Jay Gatsby, the title character of The Great Gatsby, is really not all that the title might suggest. First of all, his real name is James Gatz. He changed it in an effort to leave behind his old life as a poor boy and create an entirely new identity. He is also a liar and a criminal, having accumulated his wealth and position by dishonest means. But he is still called great, and in a sense he is. Gatsby is made great by his unfaltering hope, and his determination to live in a perfect world with Daisy and their perfect love.
Gatsby has many visible flawshis obvious lies, his mysterious way of avoiding straight answers. But they are shadowed over by his gentle smile and his visible hunger for an ideal future. The coarse and playful Jay Gatsby who throws wild parties and spends lavishly on friends and strangers doesnt hold as much reality as the quiet Gatsby who dreams of happiness with Daisy and the relationship they once had. He also has the power to make his dreams reality. He dreamed as a boy of a luxurious life of riches and high society, and he got it.
Later he dreams of Daisy and their future together, which he has in reach for a time before it falls away. He loses it because his love for Daisy is all in the relationship they used to havehe wants to recreate the past, not make a future. His love for her isnt really based on her, he doesnt even see her efforts to hide herself under an unfeeling shallowness. He is more in love with what she represents, and what he wantswealth, power, respect. He needs a dream to focus on, and she is everything he has always wanted for himself. Gatsby is a dreamer, he lives for and in his dreams.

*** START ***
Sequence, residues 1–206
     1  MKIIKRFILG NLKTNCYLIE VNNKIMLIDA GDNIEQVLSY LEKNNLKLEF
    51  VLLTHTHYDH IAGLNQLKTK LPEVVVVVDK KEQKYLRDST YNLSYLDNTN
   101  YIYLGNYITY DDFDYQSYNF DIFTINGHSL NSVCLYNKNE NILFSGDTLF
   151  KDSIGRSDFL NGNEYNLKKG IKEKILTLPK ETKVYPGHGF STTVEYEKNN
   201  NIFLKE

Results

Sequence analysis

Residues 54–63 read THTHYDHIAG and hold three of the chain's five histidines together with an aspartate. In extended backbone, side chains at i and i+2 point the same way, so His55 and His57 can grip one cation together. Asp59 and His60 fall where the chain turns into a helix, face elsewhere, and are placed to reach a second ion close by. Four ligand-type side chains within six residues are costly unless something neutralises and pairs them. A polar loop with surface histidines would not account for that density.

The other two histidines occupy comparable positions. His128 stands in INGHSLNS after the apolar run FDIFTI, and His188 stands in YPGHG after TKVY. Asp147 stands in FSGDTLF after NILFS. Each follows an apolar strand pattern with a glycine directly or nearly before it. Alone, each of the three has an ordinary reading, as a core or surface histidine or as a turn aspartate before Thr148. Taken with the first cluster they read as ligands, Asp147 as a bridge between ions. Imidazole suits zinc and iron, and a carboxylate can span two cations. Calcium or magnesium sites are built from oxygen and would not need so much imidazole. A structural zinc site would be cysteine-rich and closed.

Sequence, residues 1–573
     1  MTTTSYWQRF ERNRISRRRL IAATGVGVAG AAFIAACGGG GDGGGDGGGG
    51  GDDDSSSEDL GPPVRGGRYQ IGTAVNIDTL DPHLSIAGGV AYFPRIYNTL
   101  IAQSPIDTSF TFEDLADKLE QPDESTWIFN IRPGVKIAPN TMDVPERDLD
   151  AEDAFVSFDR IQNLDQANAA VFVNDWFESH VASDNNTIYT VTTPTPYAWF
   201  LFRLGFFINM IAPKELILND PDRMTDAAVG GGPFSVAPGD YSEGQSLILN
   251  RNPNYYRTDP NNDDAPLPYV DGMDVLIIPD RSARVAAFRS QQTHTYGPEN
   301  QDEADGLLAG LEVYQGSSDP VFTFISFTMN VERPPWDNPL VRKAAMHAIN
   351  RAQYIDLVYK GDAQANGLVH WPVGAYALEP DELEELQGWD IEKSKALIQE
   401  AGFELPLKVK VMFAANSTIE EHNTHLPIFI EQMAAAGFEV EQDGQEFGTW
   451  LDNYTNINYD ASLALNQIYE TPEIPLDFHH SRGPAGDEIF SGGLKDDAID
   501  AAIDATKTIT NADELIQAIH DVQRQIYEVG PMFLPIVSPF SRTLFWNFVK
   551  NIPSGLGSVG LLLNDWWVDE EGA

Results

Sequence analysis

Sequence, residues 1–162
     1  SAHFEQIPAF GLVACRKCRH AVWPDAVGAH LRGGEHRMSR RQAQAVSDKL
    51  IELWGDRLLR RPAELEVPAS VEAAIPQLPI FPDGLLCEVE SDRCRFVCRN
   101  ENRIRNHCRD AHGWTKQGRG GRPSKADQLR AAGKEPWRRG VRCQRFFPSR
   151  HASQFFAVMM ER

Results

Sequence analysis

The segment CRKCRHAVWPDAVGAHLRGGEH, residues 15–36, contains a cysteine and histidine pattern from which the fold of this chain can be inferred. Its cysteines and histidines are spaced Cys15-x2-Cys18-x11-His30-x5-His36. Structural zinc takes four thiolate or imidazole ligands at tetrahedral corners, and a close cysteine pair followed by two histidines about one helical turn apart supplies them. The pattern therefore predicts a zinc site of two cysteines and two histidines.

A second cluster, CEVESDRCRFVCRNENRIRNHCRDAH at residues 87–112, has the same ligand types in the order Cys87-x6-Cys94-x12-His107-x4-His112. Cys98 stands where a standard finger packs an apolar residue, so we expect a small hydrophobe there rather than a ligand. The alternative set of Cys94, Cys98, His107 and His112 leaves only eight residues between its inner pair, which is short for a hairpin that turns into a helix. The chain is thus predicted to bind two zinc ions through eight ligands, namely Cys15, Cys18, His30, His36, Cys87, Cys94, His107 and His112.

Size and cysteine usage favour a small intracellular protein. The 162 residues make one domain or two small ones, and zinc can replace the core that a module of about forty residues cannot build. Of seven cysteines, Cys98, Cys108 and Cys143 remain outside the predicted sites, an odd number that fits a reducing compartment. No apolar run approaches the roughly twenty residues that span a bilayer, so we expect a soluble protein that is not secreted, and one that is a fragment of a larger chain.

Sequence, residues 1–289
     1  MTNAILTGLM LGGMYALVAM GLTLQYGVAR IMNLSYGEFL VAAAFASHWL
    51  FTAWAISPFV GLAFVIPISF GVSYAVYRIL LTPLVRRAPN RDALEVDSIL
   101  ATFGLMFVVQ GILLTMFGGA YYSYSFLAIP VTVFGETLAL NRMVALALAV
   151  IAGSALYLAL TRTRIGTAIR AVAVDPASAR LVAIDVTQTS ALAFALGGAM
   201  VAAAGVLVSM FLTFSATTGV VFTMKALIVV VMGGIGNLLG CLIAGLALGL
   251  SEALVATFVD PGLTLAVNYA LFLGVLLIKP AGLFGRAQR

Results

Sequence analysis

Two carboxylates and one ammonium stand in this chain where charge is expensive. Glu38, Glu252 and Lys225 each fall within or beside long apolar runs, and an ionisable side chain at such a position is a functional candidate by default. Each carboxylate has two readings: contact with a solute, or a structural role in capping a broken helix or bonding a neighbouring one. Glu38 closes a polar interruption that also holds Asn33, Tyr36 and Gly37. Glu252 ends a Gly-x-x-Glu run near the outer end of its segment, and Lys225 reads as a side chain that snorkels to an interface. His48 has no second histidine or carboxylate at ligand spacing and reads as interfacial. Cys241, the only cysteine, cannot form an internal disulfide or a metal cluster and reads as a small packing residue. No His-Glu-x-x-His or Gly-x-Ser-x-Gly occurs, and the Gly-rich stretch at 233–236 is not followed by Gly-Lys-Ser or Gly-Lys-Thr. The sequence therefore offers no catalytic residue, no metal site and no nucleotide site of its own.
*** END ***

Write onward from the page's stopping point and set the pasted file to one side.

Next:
But his amazing ability to focus on and achieve his dreams makes him great. Nick Carraway describes himself in the first chapter as reserved in judgement and tolerant of other people, even when subjected to their unwanted and boring secret confessions. He is indeed more tolerant than most, and holds judgement even when faced with huge and unmistakable character flaws. For instance, he makes no solid judgement on Tom Buchanan when he sees him openly displaying his extramarital affair with Myrtle and holding no shame or guilt about cheating on Daisy.
His unwillingness to criticize leads to his having double feelings about several characters, because he see their faults but wants to keep an open mind. He is especially reserved in holding judgement against Gatsby, which causes him to go so far as to create a sort of blind spot towards him. He criticizes Gatsbys obsession with wealth and luxury, and is very aware of his criminal behavior, yet he sees more in Gatsby the man who would do anything for his love and worked towards his dreams all his life. Nick is still, however, an honest and good man.
He is not extravagantly rich, but unlike Gatsby he earned all of his high social connections fairly. He is rather disgusted with the East and its empty values by the end of the book. But he is still intrigued by it all, as he demonstrates through his relationship with Jordan Baker. He holds an almost subconscious curiosity about the flashy Eastern life, but unlike Gatsby his curiosity has its limits. He does not become obsessed with the life or ideals of high society. In the end, he returns to the life he was born into, in the Midwest where people have morals and life is not such a shallow game.